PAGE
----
I purposely tried not to learn anything about Inside Llewyn Davis before seeing it, but the whole tone is right there in the title, in the hero's difficult name. The movie never pushes the joke too hard, but it's understood that Llewyn has spent his life telling people how to correctly pronounce his name (it's Welsh). I wanted to come into Inside Llewyn Davis completely cold and get enveloped in its wintry early ’60s New York milieu. There is nothing like listening to a record for the first time before you've read any of the reviews. From the little bit of information I did know, I expected a patchwork quilt movie about the Greenwich Village folk music of the early ’60s, an Almost Famous for the Joan Baez set, A Mighty Wind played straight. But the Coens don't play straight, they play sideways. What I got instead is a series of circular vignettes, a small epic narrative about inner loneliness. Inside Llewyn Davis concerns the trials of its titular hero, played by Oscar Isaac with a winsome sensitivity that allows his character to get away with a lot of selfish acts.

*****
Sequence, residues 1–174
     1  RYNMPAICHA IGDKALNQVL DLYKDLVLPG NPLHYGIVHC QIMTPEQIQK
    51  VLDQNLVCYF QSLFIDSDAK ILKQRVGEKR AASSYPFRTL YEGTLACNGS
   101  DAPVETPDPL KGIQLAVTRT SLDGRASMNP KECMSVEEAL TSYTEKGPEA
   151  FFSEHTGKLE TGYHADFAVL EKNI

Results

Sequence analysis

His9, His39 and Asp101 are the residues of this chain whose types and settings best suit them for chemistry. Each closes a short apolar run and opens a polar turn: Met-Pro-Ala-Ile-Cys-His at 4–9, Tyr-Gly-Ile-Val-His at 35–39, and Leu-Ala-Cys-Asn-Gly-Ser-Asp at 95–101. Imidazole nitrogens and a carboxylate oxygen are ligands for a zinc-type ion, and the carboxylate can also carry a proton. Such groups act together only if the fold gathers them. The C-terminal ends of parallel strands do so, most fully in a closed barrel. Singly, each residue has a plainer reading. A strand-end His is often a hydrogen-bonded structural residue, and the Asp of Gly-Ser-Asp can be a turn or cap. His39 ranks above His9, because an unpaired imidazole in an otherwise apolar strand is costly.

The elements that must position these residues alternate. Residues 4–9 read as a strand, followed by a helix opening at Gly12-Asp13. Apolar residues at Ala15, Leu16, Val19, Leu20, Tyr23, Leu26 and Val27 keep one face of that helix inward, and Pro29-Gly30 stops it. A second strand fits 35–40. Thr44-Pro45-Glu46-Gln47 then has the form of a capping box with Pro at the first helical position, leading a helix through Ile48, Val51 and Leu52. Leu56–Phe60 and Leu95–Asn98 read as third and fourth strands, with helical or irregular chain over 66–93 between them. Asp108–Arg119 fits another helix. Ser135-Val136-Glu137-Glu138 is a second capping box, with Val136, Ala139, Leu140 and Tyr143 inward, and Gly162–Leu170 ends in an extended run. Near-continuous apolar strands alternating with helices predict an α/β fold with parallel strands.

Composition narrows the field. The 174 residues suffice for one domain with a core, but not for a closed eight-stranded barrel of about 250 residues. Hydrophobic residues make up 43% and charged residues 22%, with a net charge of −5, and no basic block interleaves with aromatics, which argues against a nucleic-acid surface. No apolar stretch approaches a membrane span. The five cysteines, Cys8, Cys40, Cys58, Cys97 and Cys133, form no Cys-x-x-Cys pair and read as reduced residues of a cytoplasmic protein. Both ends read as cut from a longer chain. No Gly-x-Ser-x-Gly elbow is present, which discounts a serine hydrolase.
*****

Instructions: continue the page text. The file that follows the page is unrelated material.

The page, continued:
Inside Llewyn Davis often feels like the male counterpart to Noah Baumbach's contemporary-set Frances Ha, with their corresponding stories of New York slackers nearing the end of their salad days with no money saved up for their steak years. When friends remind them that the future is looming, they bristle defensively and double down on flightiness. They know that they'll still have to make big choices in the coming years one way or another, whether by choosing on purpose or choosing by omission, Hamlet-style. Banking on art to pay the rent is risky even when there is no other option, and frustrating when you are surrounded by people who make it look easy, either because of inherited wealth, dumb luck, or because they are Bob Dylan. It's so hard to pull off that for most of both movies, neither one actually has an apartment. Instead they drift from couch to couch, sometimes conjuring goodwill out of nowhere and other times accidentally burning it up. They spend vacations in the homes of rich acquaintances under a cloud of understanding that a lifestyle of ease might be permanently out of their own grasp.